In the study published in the journal Diversity earlier this month, researchers describe the new rhynchosaur species.
“Beesiiwo was not particularly big,” study co-author David Lovelace said to Live Science. Based on his estimates, an adult member of the species probably weighed between five to seven kilograms and must have been around 60 centimetres long. Lovelace is a vertebrate palaeontologist at the University of Wisconsin-Madison.
Paleontologists identified the remains of the herbivorous reptile, which is a stem, or early archosaur and therefore a distant relative of modern-day birds and crocodiles, as a new genus and species of rhynchosaur, a group of plant eaters defined by their parrot-like beaks. The team described the newly identified species, which they dubbed Beesiiwo cooowuse, in a study published April 10 in the journal.
Between 250 and 270 million years ago, a bizarre beaked reptile that is related to both modern crocodiles and birds roamed the Earth. Beesiiwo cooowuse, its name, means “big lizard of the Alcova area,” since that part of Wyoming in the United States is where its fossils were found.
According to the University of Wisconsin-Madison, Beesiiwo cooowuse is the first Western-science species to be named in the language of the native American Arapaho people. The fossils of the species were found in the ancestral lands of the people.
In total, paleontologists unearthed five rhynchosaur specimens at the Popo Agie Formation, a Triassic geological formation located in the Bighorn Mountains, part of the northern Rocky Mountains. Three of the specimens, including fragments of upper and lower jawbones, belonged to the new species.
Because the fossils were located on Native American land, the researchers partnered with leaders from the Northern Arapaho Tribal Historic Preservation Office to name the new species Beesiiwo cooowuse, which, in the Arapaho language, means “big lizard from the Alcova area” of central Wyoming, according to a statement.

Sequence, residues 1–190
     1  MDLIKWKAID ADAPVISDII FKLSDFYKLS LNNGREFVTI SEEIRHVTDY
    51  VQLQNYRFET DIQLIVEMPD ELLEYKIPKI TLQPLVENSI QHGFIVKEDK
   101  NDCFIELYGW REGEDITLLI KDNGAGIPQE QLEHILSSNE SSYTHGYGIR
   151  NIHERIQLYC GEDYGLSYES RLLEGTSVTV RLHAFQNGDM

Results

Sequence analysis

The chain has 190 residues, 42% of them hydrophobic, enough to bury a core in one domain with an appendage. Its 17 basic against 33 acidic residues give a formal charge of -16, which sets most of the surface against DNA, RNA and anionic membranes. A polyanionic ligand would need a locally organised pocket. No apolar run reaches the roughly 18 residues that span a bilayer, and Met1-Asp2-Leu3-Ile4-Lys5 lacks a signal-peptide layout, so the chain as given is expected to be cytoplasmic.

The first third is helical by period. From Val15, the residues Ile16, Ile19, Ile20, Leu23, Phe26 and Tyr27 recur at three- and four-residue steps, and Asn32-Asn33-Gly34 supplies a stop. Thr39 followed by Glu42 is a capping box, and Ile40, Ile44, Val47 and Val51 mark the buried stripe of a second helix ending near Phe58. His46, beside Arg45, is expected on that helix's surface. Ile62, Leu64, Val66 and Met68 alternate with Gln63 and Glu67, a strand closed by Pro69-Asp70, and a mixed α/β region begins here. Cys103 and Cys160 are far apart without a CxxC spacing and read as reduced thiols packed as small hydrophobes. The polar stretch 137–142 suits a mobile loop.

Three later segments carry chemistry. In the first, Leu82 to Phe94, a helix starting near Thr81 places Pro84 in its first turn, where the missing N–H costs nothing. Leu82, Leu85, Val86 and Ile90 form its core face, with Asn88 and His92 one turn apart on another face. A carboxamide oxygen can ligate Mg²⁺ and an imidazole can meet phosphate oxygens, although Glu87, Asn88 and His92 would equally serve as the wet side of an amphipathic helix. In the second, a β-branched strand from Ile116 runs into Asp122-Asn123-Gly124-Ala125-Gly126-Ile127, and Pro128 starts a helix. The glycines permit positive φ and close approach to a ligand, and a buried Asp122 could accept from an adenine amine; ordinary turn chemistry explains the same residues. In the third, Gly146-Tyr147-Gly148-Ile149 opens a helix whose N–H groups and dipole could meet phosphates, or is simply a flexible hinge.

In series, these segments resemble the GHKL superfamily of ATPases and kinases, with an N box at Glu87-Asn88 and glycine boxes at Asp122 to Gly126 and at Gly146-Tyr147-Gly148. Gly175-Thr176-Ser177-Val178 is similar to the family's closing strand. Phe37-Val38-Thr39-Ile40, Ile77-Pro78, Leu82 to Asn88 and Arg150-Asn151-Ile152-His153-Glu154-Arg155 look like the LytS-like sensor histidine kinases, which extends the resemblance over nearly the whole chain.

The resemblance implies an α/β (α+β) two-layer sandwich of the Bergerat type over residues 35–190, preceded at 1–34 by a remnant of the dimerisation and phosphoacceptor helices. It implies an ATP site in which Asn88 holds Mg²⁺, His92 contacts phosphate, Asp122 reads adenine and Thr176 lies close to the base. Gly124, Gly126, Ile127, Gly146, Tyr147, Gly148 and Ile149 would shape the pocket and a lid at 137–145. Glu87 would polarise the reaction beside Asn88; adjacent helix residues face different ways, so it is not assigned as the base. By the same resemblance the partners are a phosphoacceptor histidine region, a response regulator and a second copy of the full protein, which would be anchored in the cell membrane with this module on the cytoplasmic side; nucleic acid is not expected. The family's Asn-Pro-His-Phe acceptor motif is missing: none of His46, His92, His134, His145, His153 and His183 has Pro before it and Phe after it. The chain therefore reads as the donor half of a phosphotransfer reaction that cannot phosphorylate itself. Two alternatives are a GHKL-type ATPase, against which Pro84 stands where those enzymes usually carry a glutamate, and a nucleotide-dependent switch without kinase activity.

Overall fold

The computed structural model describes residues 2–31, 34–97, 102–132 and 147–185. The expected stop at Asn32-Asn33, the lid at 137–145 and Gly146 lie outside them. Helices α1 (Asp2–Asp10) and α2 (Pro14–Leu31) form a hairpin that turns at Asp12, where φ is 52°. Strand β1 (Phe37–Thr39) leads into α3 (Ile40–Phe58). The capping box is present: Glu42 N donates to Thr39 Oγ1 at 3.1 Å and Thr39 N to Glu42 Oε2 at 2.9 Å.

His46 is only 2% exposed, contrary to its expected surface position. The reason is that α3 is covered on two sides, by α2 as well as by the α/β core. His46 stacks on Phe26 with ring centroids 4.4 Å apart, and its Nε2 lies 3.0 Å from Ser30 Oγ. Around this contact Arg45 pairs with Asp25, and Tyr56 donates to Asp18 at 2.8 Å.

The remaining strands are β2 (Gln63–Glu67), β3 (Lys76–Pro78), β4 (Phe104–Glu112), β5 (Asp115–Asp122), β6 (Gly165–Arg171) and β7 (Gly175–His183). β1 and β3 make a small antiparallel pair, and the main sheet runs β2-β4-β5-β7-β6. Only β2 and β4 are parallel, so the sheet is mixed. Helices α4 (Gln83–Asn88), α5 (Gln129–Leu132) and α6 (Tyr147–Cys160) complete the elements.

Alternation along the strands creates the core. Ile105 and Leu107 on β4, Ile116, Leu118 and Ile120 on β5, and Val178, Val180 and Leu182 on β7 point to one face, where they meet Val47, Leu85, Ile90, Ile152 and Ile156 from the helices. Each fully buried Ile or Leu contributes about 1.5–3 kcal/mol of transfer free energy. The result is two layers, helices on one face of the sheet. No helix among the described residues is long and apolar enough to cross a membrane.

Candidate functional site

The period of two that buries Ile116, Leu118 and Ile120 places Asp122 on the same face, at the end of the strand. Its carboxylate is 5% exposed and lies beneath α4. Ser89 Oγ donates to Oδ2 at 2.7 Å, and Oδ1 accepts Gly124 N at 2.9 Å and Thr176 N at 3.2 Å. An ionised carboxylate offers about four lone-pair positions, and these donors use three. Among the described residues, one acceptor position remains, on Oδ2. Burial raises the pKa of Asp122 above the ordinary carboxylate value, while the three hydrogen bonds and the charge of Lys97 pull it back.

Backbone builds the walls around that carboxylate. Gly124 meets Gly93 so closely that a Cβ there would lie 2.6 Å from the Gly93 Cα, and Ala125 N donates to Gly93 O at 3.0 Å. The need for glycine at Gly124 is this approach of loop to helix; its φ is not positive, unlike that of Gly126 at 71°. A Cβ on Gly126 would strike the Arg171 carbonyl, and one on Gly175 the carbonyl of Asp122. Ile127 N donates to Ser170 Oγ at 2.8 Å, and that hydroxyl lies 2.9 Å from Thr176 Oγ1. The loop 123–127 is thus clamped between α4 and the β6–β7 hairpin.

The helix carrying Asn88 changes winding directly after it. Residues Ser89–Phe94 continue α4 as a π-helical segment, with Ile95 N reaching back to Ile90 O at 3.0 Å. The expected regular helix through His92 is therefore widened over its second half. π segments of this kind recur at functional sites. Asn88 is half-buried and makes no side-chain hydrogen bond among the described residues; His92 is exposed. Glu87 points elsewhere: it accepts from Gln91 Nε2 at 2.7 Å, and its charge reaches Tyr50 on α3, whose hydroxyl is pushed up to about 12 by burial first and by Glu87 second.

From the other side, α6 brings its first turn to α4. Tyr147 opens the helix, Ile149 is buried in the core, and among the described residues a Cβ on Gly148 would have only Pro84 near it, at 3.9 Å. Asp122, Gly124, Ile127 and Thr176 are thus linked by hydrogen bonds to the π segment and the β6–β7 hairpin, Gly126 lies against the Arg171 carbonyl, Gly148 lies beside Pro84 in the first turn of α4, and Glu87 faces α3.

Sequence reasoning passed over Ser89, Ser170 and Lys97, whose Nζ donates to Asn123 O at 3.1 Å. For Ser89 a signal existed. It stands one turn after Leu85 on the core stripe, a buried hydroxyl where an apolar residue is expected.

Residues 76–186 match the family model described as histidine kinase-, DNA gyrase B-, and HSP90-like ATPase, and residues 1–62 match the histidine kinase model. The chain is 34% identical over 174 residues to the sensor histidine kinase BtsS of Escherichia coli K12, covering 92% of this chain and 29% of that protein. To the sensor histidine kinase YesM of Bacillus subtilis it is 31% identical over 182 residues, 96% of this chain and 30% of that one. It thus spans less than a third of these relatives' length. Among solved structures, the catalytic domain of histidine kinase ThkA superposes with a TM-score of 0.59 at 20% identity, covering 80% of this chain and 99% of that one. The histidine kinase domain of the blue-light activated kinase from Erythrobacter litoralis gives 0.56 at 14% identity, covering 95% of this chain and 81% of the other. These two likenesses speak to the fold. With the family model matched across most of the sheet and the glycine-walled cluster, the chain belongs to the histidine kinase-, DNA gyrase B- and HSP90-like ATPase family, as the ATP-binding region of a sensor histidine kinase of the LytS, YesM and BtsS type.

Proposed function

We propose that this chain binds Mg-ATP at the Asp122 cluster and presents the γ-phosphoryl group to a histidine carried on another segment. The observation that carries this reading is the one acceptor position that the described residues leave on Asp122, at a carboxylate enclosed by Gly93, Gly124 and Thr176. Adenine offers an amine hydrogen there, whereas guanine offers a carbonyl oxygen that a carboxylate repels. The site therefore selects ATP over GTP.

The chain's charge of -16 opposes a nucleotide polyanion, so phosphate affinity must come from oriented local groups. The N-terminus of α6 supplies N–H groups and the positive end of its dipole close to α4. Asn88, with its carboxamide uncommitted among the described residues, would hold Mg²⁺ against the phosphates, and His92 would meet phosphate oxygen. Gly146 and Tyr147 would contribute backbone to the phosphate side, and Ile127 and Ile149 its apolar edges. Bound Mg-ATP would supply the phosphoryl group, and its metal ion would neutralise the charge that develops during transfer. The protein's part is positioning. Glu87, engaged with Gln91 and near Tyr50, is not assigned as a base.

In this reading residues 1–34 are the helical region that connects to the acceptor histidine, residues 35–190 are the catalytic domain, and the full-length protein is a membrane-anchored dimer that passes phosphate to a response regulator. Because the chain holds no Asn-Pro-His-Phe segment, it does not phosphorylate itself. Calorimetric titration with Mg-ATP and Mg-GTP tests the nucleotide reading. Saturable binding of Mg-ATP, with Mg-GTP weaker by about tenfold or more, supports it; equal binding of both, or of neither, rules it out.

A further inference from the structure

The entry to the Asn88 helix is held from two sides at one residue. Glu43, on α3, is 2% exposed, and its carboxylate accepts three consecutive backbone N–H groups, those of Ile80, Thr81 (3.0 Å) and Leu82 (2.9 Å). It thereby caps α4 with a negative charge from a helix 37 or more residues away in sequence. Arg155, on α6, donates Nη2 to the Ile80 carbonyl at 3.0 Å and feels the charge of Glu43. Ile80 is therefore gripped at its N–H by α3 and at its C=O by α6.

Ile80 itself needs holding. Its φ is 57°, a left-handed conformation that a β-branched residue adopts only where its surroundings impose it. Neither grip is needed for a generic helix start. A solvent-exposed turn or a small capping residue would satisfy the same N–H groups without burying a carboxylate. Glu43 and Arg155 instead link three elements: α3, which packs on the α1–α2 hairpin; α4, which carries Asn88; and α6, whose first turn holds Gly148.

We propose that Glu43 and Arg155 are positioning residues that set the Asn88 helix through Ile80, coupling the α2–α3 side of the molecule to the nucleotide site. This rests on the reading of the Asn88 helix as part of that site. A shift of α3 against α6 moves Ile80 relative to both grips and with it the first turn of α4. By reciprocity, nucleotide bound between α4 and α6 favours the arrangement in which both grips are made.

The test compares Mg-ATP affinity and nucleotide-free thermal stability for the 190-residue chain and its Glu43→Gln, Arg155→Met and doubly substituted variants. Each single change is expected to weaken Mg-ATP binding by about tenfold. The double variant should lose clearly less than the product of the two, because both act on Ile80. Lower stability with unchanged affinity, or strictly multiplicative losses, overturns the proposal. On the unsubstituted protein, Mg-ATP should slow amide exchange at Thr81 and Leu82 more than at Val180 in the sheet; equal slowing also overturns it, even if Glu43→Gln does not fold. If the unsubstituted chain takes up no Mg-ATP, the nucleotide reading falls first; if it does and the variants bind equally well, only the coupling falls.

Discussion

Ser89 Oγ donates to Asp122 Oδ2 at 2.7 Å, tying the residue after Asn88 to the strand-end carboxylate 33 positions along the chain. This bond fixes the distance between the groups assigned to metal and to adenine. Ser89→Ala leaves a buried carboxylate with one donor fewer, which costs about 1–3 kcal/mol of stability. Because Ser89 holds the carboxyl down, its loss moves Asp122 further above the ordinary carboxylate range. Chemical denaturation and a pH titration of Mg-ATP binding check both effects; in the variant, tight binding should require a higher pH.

The researchers believe that the reptile was herbivorous but they do not yet know what kind of plants it ate. Lovelace speculates that the beaked mouth could have been used for stripping or clipping leaves but there is no direct evidence that points to this. From plant and pollen remains from the area, the researchers know that there were conifers, ferns and horsetail plants that could have contributed to the lizard’s diet.
The fossils were collected from the Popo Agie Formation, which is a portion of exposed rock in parts of the Rocky Mountains. According to Interesting Engineering, a total of five different rhynochorus specimens were collected from the rocky formation.
“We do know from paleo pollen and plant remains that there were definitely conifers, ferns and horsetail plants around that may have contributed to its diet,” Lovelace said. Its beaked mouth “could very well have been used for stripping or clipping leaves, but again, there is no direct evidence of this that I know of.”
Researchers can only speculate the specific plants that it ate.
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